The National Association of Scholars (NAS) is a group for which I have considerable sympathy, and I’m glad they’re around, although I’m not a member. However, I’m not very comfortable with a recent essay by the association’s president, Steve Balch.
He notes that:
Conservatives are drastically underrepresented within faculties also without anyone (except other conservatives) appearing much to mind. Yet unlike males, conservatives are not official objects of disfavor, discrimination against them having no rationale that the academy is willing openly to embrace. Simply treating their underrepresentation as a non-problem is therefore not a feasible option. Instead, despite an overabundance of the kind of evidence generally thought damning, discrimination against conservatives is stoutly denied. In the eyes of academe’s defenders, less than conservatives’ numeric due is not less at all, merely a result of natural processes, to which no culpability attaches, and for which no exculpation is necessary.
He goes on to suggest that it might be useful to apply a disparate impact standard to the hiring practices in academia as a way of demonstrating liberal bias, and this in turn would shift the burden of proof to the institution accused of discrimination — in this case academia. This is where I part ways with the author, not because I doubt his contention that conservatives are underrepresented in the academy, but because I don’t want to emulate the oppressor.
One of the things we’ve seen in recent years is that claims of unfair discrimination (most notably in racial matters) are commonly used as a means of short-circuiting discussion. When that is combined with the idea that one must prove one’s absence of bigotry, it’s a “When did you stop beating your wife?” situation. It’s reprehensible when the Left does it, and it would be wrong for the Right to use it as well.
Another problem I have with this “sauce for the gander” approach is that, just as the Right has argued that affirmative action results in unmerited achievement by favored groups, conservatives who benefit from a similar approach would face similar skepticism about their abilities. The English Department here in Mondoville is split pretty evenly between the Left and Right. We respect one another because we know we’re each good at the things we do. If other factors — such as political leanings — became dispositive, I think that respect would be tainted by distrust of the process. I’m tenured because I’m good in the classroom and I do my part for the campus community. What makes me value it is that I know I earned it.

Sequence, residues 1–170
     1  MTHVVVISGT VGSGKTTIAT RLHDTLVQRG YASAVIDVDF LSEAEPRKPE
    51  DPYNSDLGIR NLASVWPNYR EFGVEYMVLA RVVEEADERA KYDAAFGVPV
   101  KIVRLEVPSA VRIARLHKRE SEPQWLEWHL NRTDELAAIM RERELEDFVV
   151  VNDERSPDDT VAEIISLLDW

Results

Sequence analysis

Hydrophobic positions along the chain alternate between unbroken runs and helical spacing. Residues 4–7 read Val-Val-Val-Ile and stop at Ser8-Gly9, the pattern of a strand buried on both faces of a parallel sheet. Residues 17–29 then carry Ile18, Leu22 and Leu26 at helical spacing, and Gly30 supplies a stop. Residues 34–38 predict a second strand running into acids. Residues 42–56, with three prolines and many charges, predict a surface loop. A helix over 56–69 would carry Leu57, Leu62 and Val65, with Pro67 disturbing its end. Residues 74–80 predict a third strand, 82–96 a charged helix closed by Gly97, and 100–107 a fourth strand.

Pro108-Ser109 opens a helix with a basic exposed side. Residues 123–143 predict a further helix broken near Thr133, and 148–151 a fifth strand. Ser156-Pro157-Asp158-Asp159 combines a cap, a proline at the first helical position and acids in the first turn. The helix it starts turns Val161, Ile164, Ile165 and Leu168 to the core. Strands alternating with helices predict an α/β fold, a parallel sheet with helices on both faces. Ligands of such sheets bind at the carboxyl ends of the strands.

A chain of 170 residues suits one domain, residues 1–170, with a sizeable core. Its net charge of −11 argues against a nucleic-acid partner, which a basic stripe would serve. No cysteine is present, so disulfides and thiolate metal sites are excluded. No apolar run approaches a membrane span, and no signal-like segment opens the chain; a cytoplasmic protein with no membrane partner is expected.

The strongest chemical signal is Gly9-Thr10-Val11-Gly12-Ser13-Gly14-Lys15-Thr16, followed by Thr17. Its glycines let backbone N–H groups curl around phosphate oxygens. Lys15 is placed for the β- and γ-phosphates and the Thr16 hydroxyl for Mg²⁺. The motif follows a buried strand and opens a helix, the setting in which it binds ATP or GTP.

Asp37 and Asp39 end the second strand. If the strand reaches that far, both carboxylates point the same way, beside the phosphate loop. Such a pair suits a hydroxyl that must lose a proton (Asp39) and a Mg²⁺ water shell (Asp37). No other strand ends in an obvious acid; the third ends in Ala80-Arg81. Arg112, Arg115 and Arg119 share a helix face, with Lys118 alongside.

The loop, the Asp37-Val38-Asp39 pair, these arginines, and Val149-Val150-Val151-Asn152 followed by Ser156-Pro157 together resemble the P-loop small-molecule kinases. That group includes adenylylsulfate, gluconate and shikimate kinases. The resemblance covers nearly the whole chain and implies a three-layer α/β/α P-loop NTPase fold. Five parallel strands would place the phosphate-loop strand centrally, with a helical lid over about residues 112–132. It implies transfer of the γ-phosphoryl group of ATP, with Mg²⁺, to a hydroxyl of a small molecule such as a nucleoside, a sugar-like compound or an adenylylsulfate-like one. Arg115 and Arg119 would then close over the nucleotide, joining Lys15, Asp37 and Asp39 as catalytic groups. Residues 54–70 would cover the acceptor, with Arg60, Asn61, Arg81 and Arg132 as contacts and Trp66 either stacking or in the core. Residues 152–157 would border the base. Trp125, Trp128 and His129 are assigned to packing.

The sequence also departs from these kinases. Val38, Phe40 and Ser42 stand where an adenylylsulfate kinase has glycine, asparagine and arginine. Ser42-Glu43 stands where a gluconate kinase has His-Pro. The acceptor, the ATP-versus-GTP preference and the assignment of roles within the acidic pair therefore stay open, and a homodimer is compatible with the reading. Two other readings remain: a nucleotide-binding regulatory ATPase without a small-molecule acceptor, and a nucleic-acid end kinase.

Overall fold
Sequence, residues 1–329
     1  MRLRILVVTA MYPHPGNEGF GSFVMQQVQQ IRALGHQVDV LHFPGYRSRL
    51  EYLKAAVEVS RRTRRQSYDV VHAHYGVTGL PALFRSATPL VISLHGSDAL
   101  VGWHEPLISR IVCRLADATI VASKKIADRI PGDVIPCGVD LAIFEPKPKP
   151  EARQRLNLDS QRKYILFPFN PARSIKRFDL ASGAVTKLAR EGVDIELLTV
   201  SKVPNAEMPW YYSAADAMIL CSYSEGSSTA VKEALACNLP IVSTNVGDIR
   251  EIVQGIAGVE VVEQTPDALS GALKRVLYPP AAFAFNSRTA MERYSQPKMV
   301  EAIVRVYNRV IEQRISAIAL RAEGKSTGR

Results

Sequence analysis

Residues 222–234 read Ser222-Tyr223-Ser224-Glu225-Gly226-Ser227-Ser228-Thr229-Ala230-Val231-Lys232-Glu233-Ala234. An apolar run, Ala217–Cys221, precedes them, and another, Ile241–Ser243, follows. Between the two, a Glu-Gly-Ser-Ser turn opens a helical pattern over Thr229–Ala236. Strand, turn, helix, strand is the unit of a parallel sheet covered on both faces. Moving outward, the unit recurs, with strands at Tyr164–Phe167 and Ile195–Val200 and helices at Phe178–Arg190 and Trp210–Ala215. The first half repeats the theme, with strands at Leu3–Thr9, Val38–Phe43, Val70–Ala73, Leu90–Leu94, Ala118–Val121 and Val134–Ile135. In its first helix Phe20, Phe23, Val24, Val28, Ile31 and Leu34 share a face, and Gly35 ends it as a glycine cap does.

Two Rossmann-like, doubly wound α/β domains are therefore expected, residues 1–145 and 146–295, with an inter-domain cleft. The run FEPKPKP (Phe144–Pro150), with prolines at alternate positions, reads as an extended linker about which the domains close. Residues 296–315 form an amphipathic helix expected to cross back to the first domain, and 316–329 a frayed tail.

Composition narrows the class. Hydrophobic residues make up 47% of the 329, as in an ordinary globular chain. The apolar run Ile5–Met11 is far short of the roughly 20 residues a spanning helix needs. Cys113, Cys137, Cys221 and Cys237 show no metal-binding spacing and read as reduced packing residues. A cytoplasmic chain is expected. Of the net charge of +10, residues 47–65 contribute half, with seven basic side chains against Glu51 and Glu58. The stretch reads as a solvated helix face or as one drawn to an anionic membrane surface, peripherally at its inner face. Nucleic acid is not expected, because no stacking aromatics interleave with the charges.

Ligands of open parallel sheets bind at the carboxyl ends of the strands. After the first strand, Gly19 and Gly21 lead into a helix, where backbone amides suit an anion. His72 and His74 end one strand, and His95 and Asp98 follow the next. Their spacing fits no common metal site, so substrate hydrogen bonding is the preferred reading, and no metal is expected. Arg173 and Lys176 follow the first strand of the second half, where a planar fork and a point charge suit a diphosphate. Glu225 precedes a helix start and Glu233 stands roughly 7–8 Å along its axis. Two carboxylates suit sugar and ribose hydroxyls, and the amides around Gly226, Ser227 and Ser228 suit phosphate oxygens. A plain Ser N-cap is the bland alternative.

But if we eschew Balch’s approach, where does that leave conservatives in academia, and particularly in the humanities, which has a strong tilt to the Left? Well, the answer isn’t a comfortable one, but I think it’s the most respectable. It’s often said that minorities can’t settle for being good enough — they have to be better; they have to be no-doubters. If that is the challenge that conservatives face, it’s the one we have to accept.
The professors at my Ph.D. institution knew my political leanings. However, they were intellectually honest, and I was willing to let my work speak for itself. Did my work have to be better than that of my more “mainstream” peers? I give my professors and mentors more credit than that — but if that’s what it would have taken, that was what I would have done.
How long should conservatives be willing to labor under that burden? I can’t speak for everyone, but I think there’s a factor that Balch ignores in his essay. Higher education faces a crisis of public trust, caused in great part because of a growing perception of ideology trumping traditional ideas of what higher ed is supposed to be and do. I would argue that while we can’t count on the good will of liberal academics — who may well believe, as Balch says, that error has no rights — we may put more faith in their sense of self-preservation. If the members of the academy are wise, they will eventually see that they have to rebuild their reputation for intellectual honesty, which of course is done by practicing that virtue under public scrutiny. I believe that in an intellectually honest setting, the disparity under discussion will disappear. Perhaps that’s naivete on my part, but I believe it’s our best hope, and one with which we can live more easily than the one offered in Balch’s essay.